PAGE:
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Cannes Film Festival 2019: The Films To Look Out For

As much as Cannes Film Festival draws plenty of eyeballs for its outre, couture-riddled red carpet, most people who attend are actually there for the real meat; the most prestigious, experimental and masterful films of the year. One such insider is Vincent Quek, founder of independent film distributor Anticipate Pictures, who recently attended the latest edition. Below, Quek’s recommendations from this year’s festival that will hit theatres in coming months:
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Portrait of a Lady on Fire
Release date: Dec 2019 Winner of Best Screenplay Award – 71st Festival de Cannes 2019 Quek says: “A sensuous, tender and honest portrayal of the budding friendship and love between two souls in 18th century patriarchal France. This is Call Me By Your Name meets The Piano for the L in LGBTQ. The film is gorgeous – a painting in literal motion. My personal top film of the festival.” Sorry We Missed You
Release date: TBA Quek says: “Director Ken Loach, already an octogenarian, reminds me of another filmmaker Michael Haneke, both of whom have an incisive eye for what makes this world tick, telling compelling stories in the most simple and economical sense. The results are heartfelt and shattering in equal measure. In this latest work, he targets our modern gig economy, familiar to all of us through celebrated ‘disruptors’ like the Grab/Uber or Redmart or Amazons of today, and strips it down to a single family whose happiness is mere currency with these newfound job opportunities. I couldn’t stop thinking about it for days after, and you would maybe do a double take for the eponymous ‘gun’ when a deliveryman shows up at your doorstep.” Young Ahmed
Release date: TBA Winner of Best Director Award – 71st Festival de Cannes 2019 Quek says: “The celebrated filmmaking duo Jean-Pierre and Luc Dardenne have also trained their lens on one of the most terrifying horrors of societies today – the radicalisation of a young boy in modern day Belgium. It is a tense and gripping film, filled with twists and turns and at the end of a taut 84 mins, you get a sense that beneath every potential pit, there exists a model of innocence. But can that innocence be regained? This film will start conversations – ones that we should already be having.” Atlantique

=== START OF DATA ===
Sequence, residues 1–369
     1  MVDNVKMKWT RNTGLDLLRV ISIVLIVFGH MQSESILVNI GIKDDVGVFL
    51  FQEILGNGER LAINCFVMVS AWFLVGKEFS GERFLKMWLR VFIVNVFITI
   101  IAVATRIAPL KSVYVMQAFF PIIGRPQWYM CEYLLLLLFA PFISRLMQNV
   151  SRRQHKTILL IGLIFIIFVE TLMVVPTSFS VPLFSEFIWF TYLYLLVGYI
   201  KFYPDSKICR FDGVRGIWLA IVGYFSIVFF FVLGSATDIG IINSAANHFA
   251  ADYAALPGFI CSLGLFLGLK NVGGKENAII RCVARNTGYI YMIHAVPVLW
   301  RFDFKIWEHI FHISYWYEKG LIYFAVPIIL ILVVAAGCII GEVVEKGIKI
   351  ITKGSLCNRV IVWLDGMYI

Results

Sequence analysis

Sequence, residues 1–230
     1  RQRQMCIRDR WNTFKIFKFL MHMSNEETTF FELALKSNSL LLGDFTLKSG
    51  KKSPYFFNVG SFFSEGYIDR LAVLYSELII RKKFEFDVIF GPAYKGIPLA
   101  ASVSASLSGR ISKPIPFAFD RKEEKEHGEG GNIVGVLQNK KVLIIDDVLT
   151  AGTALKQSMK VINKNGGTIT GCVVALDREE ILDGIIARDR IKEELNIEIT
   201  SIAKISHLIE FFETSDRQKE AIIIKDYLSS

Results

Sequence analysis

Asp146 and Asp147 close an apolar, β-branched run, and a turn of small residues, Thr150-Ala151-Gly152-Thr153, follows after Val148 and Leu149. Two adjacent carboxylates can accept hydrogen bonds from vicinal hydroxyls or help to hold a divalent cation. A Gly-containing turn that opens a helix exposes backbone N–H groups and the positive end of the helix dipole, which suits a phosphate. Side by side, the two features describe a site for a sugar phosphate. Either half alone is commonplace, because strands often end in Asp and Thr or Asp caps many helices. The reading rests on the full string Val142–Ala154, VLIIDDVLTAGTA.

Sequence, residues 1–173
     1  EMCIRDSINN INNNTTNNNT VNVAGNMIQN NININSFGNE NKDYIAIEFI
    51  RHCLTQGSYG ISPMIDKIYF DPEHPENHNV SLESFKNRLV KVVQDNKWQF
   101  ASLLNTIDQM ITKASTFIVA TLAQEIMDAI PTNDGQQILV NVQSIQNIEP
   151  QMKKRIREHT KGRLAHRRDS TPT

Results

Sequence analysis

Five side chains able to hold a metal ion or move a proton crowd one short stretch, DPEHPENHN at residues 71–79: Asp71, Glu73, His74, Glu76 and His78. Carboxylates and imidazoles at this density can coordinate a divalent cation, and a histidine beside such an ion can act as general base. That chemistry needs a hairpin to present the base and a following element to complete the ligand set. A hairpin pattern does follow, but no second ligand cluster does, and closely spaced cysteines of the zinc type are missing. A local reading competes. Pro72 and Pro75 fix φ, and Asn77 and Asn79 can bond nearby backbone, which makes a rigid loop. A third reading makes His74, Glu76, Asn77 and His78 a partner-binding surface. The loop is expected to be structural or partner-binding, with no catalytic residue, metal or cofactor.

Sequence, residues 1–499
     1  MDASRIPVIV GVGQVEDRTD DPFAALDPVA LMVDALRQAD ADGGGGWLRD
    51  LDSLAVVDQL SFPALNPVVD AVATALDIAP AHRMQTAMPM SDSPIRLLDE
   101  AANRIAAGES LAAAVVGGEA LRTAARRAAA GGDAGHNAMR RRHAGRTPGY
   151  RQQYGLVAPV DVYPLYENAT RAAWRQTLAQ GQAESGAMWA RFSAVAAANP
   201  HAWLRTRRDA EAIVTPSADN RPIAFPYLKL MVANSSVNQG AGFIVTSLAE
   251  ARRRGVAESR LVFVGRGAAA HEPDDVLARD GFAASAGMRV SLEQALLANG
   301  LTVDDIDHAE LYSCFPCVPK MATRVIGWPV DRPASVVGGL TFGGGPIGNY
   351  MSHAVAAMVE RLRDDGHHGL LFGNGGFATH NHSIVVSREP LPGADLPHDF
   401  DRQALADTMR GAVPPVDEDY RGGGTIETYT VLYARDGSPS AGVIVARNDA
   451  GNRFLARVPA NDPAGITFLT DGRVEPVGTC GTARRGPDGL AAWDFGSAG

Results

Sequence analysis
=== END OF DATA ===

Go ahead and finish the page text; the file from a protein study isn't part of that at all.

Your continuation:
Release date: TBA Winner of Grand Prix Award – 71st Festival de Cannes 2019 Quek says: “An African romantic fable weaving themes of modern day slavery and the supernatural in this sublime, magical realist work by French-Senegalese filmmaker Mati Diop. I considered bringing this title into Singapore for a theatrical run but it would have been a hard sell for Singapore audiences, even if it incorporated familiar themes such as migrant workers and the souls of unrest returning to make things right. Netflix has fortunately stepped up and will give this film a release on their platform in the near future.” For Sama
Release date: Late 2019 Winner of Golden Eye Prize for Best Documentary – 71st Festival de Cannes 2019 Quek says: “Why do some civilians not leave war zones? What are the implications of bombing out cities in efforts to stamp out quote-unquote ‘terrorism’? Who pays for the body count that is steadily rising in the 2nd deadliest civil war of the 21st century? In this first-hand look through the lens of a former 4th year economics student turned filmmaker, the answer is – the civilians do. With her marriage and the birth of her daughter Sama, Waad Al-Kateab faces questions most mothers don’t: Does she stay to fight for a country whose leader regularly targets hospitals and schools to be bombed, or does she leave for the protection of her baby and her beloved husband but join the millions currently seeking asylum in Western countries that loathe their presence? You won’t soon be forgetting the images in this award-winning documentary, in this simple, straight-to-the-point film that cuts to the human cost of a war through the eyes of a young mother.”